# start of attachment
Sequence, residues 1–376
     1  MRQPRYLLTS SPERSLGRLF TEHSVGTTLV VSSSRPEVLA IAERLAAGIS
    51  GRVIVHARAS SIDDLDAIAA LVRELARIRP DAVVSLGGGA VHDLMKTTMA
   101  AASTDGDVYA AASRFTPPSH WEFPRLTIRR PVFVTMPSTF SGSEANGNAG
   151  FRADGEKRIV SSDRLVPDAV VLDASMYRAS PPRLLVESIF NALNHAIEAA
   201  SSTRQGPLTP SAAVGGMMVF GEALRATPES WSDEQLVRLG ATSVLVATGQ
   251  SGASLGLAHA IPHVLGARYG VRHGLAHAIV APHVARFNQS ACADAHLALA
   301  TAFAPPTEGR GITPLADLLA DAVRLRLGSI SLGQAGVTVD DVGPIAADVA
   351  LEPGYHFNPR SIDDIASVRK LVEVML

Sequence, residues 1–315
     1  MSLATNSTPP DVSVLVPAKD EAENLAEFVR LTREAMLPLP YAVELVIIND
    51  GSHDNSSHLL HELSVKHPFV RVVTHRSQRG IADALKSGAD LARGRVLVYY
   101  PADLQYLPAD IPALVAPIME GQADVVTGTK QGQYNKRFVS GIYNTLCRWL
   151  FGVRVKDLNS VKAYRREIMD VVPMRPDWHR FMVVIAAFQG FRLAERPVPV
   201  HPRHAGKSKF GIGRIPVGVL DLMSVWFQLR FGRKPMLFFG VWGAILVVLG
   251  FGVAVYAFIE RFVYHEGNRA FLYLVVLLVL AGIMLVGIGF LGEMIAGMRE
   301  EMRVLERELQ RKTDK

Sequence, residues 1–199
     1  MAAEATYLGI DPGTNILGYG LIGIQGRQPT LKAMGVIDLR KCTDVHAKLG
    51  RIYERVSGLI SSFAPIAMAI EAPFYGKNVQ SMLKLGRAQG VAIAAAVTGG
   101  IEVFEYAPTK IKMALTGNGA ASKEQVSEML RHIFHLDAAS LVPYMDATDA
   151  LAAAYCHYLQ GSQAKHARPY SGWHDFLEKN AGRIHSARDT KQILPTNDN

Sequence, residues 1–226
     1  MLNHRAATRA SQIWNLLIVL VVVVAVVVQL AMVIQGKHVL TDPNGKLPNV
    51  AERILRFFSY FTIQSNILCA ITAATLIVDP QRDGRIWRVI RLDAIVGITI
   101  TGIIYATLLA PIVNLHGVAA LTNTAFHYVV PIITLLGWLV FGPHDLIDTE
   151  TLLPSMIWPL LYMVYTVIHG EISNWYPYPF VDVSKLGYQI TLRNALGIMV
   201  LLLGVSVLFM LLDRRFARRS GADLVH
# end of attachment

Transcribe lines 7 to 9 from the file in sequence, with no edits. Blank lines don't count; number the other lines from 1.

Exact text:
   251  SGASLGLAHA IPHVLGARYG VRHGLAHAIV APHVARFNQS ACADAHLALA
   301  TAFAPPTEGR GITPLADLLA DAVRLRLGSI SLGQAGVTVD DVGPIAADVA
   351  LEPGYHFNPR SIDDIASVRK LVEVML